Becoming Something   Becoming Something: The Story of Canada Lee
by Mona Z. Smith

(Faber and Faber; ISBN: 0571211429)

New York Sun
A Life Erased From History
by Carl Rollyson
Wednesday, August 18, 2004; Page C01

"Becoming Something" (Faber and Faber, 448 pages, $27) reclaims a life virtually erased from history. Canada Lee was a talented violinist, a flamboyant jockey, a contender for the welterweight title, a Broadway star and producer, a movie actor, a restaurateur, a political activist, and a blacklisted artist - what more could a biographer want in a subject? Then why has this gifted African-American never had his due?

A playwright as well as a biographer, Mona Z. Smith first became aware of Lee while doing research for a drama about the intersection of jazz and politics. A single-line footnote identified him as a victim of Mc-Carthyism whose death was attributed to the blacklist. Intrigued, she found sporadic mentions of Lee in various books, including Stefan Kanfer's "Journal of the Plague Years," which noted that Lee had been an overlooked figure, overshadowed by others like Alvah Bessie and Dalton Trumbo, who wrote memoirs about being blacklisted.

Still, in his lifetime Lee was a renowned figure. He sought and won fame early as a jockey - one of the few successful African-Americans in a sport that, until they were brutally banished at the turn of the 20th century, they had dominated. Lee had already turned away from a promising career as a violinist; he was very good, but he realized while still in his teens that he would never quite reach the heights of perfection in classical music or jazz.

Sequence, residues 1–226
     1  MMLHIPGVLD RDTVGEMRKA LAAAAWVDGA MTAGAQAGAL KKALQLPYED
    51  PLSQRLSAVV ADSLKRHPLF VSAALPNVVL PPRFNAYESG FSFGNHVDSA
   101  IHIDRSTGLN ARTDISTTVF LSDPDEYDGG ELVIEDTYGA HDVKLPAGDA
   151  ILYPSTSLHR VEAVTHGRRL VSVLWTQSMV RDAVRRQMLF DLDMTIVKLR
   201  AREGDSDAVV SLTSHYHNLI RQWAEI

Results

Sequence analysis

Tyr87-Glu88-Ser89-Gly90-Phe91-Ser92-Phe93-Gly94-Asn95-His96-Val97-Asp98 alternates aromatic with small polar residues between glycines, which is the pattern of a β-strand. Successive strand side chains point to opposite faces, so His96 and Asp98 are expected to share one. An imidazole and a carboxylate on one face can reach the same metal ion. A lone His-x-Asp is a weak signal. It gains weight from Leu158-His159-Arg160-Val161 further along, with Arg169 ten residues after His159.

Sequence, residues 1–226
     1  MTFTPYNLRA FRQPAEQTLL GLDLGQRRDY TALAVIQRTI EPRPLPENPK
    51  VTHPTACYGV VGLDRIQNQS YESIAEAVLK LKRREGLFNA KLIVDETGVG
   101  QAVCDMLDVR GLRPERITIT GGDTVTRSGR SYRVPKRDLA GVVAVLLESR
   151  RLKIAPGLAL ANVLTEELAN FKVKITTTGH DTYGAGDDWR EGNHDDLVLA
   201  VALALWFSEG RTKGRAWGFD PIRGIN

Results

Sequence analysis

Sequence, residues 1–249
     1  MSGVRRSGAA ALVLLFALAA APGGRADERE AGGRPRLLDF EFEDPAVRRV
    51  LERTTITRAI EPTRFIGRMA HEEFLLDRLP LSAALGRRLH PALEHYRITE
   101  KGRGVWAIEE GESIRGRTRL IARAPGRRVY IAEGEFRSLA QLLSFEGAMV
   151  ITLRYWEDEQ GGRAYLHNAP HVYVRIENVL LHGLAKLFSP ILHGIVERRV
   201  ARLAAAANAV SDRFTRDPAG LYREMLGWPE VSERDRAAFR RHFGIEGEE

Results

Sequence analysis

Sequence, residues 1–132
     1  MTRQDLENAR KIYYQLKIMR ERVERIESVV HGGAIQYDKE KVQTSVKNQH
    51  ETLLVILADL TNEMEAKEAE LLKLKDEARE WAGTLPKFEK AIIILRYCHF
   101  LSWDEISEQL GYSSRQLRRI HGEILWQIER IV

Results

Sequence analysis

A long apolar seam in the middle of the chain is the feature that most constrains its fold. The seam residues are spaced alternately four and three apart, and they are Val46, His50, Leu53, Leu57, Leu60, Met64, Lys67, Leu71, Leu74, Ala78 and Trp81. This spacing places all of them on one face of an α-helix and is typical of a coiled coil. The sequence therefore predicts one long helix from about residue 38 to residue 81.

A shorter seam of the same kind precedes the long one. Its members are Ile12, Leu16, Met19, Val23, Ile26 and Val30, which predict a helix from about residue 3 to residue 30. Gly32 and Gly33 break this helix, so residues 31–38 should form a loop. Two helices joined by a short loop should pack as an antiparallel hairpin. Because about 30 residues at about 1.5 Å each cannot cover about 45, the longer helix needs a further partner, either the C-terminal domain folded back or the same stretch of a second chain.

Likewise, Lee came to realize that he would never be a champion in horse racing. Always a scrapper, when a friend took him to a gym, Lee discovered he was a natural boxer. He became the Sugar Ray Robinson of the 1920s, a dancer as much as a puncher, a fighter with an elegant style and gift of gab that would have been a match for Muhammad Ali.

Lee was a contender but never got the big title fights - not an uncommon experience for African-American boxers burdened by the legacy of the controversial Jack Johnson, whose prowess in the ring and affairs with white women had alienated promoters. Fighting several times a month, Lee eventually damaged one eye so badly that he fought virtually half blind during the last years of his career. When he retired from the ring, he was only 24. Then he wandered into a government sponsored theater group, auditioned for a part, saved Orson Welles's life from angry assailants - not once but twice - and the rest, as they say, is history.

Except that it isn't, and so Ms. Smith has had to reconstruct it with the help of Lee's second wife, now in her 80s. It is really an extraordinary story - written like a drama, a mystery story, and a vindication - and it enlivens every page of this well-paced biography. Ms. Smith is superbly gifted in creating suspense, in asking tantalizing questions about Lee's motivations and reactions to racism, politics, and art.

In Alfred Hitchcock's "Lifeboat," Lee refused to speak dialect lines that made him sound like a darky. In effect he rewrote his part, giving himself the dignity he felt his character deserved. A consummate artist, he was not deterred by the outrage of civil-rights organizations who did not want him to play the cannibal Caliban in a landmark production of "The Tempest." He knew a good part when he saw one.